Chin tucks, Isometric neck exercise, Shoulder retraction/ Protraction, Shoulder shrugging/ Dropping, Then followed by posture correction techniques. The patient should stand in front of the mirror and correct the abnormal posture, Chin tucked position. Shoulder retracted position. The patient should correct their abnormal posture for every one hour.
Group B- In this group, 15 volunteers performed fencing exercise, the exercise were done 5 days in week for 4 weeks, which consists of 2 sets with 15 repetitions. The patient is given a wand to perform fencing movements. All the fencing movements are done under the instruction and supervision of physiotherapist only.
Neck position- Chin tucked. Shoulder- Retraction., Arm- Fully extended at 90 degree. Trunk- Neutral position. Wrist- Mid prone.
Other Side: Upper body:
Neck position- Chin tucked. Shoulder- Retraction. Trunk- Neutral position.
Arm- Fully extended at 90 degree. Wrist- Supination.
Lower body: Lunge position.
Neck position- Chin tucked.
Shoulder- Shoulder abducted at 160 degree & internally rotated. Trunk- Neutral position.
Lower body: Knee semi -flexed
Neck position- Chin tucked. Shoulder- Adduction. Elbow- Flexion. Wrist- Supination.
Trunk- Neutral position.
Lead Side; Upper body:
Neck position- chin tucked. Shoulder- Adduction. Elbow- Slightly flexed. Wrist- Supination.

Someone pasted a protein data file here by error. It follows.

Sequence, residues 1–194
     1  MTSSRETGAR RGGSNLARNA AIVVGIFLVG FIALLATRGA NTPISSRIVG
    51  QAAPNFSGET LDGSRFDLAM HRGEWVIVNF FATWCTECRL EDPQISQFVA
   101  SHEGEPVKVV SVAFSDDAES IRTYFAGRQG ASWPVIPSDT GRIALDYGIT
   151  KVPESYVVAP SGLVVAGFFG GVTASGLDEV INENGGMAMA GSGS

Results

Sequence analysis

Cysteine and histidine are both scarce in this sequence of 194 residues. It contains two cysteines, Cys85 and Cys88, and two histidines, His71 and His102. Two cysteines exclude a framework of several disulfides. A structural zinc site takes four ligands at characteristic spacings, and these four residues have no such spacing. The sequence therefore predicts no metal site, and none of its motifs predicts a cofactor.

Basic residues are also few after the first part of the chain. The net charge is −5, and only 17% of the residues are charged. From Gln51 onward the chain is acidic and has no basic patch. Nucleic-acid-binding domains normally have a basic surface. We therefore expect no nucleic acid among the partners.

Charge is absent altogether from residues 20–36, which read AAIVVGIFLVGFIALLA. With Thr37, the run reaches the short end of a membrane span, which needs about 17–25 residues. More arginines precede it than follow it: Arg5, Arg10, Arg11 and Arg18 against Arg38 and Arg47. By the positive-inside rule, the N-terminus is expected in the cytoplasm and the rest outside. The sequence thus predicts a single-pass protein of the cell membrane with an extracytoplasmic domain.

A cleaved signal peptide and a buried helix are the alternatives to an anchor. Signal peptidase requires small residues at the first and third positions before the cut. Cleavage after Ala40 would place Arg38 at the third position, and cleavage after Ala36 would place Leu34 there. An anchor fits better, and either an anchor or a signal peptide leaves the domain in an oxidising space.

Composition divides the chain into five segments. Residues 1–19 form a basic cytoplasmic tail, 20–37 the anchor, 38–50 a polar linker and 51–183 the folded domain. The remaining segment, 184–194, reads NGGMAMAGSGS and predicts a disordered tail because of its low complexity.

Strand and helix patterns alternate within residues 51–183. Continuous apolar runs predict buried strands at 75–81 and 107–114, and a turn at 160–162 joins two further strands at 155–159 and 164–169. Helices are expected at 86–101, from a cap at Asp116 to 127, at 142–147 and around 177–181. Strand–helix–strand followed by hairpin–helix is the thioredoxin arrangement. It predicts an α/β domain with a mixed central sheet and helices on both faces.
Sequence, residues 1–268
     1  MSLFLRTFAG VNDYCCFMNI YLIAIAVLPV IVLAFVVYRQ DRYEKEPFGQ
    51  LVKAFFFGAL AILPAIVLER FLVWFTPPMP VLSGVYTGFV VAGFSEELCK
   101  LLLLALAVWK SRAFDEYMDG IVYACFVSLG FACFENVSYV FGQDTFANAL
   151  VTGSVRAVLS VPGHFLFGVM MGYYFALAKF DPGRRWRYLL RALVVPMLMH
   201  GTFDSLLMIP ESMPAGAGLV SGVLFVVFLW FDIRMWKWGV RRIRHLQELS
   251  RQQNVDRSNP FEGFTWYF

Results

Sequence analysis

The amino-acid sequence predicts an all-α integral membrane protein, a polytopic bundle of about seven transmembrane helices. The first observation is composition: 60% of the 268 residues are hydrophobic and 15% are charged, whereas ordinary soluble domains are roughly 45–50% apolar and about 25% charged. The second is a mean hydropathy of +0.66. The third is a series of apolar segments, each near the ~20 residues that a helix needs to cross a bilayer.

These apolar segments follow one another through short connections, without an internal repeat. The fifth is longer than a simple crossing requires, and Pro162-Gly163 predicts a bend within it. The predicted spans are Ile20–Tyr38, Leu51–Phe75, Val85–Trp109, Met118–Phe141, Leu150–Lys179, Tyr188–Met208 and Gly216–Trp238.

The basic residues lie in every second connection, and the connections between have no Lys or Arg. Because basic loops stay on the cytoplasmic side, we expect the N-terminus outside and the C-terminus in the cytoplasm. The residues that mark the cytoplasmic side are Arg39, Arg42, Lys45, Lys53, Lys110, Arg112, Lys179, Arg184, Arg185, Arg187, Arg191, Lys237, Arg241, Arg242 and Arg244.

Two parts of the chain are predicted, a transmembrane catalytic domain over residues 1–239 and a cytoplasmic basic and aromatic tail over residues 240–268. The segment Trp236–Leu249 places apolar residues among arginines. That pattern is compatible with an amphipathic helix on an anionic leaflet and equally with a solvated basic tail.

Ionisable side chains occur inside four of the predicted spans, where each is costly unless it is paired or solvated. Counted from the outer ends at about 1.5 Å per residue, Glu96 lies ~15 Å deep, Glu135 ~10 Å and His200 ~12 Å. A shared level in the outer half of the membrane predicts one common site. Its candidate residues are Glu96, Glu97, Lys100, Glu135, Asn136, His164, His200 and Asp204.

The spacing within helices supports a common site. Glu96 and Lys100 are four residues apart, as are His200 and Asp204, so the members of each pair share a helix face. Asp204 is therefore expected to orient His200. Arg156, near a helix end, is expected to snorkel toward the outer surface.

Trunk- Neutral position
Other Side: Upper body:
Neck position- Chin tucked. Shoulder- Abduction 90 degree. Elbow- Flexed.
Lower body: Mid squat position.
Group – B In Pre And Post Test
Comparison of Cranio-vertebral Angle Between Group – A And Group – B In Pre And Post Test
Comparison Of Ruler Measurement Score Within Group – A & Group – B Between Pre & Post Test Value
On comparing the pre and post test values within the experimental group, Group A & Group B on Ruler Measurement & Cranio-vertebral Angle shows highly significant difference in Mean values where p value is P ≤ 0.001.Group A – Conventional Exerciseshows statistically significant improvement then Group B – Fencing Exercise.
In this world, almost everywhere including schools, colleges, offices and even in homes computers and Smartphone’s are commonly used today. Forward head posture is the misalignment of head on trunk, leads to increased lordotic curve of the cervical spine and accompanied by increased kyphosis of thoracic spine. Forward head posture leads to body mechanical deformation anterior to centerline of gravity, this reduces muscle strength of neck stabilization muscles, reduces
the activity of the stabilizer muscles of the scapulae and changes body mechanics of the scapulae. A sample of 30 subjects were selected and assessed then recorded the values. After, giving treatment the values are analyzed for significant differences. Cranio-vertebral angle is a good indicator for measuring forward head posture. The cranio-vertebral angle was measured using, ”On Protractor App” which is available on goggle play store 13,14.
A study on validity and reliability of “ON PROTRACTOR” smartphone application for measurement of cranio-vertebral and cranio-horizontal angle. In this study, the mean cranio-vertebral angle in non forward head posture is 50 degrees. The result of the study showed a effectiveness between conventional exercise and fencing exercise. This study proved that there was an increased effect in conventional exercise than fencing exercise after correction forward head posture 15.